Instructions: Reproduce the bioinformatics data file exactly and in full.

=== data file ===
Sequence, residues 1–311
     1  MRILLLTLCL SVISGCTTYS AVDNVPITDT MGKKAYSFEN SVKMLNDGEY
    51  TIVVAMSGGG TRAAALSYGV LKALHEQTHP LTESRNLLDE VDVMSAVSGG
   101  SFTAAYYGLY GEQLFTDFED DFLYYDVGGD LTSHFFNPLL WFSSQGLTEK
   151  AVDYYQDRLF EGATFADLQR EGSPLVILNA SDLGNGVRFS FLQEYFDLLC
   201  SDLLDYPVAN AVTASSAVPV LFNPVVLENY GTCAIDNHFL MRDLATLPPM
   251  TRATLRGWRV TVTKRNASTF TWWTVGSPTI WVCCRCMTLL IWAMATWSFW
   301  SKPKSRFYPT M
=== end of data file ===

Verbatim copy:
Sequence, residues 1–311
     1  MRILLLTLCL SVISGCTTYS AVDNVPITDT MGKKAYSFEN SVKMLNDGEY
    51  TIVVAMSGGG TRAAALSYGV LKALHEQTHP LTESRNLLDE VDVMSAVSGG
   101  SFTAAYYGLY GEQLFTDFED DFLYYDVGGD LTSHFFNPLL WFSSQGLTEK
   151  AVDYYQDRLF EGATFADLQR EGSPLVILNA SDLGNGVRFS FLQEYFDLLC
   201  SDLLDYPVAN AVTASSAVPV LFNPVVLENY GTCAIDNHFL MRDLATLPPM
   251  TRATLRGWRV TVTKRNASTF TWWTVGSPTI WVCCRCMTLL IWAMATWSFW
   301  SKPKSRFYPT M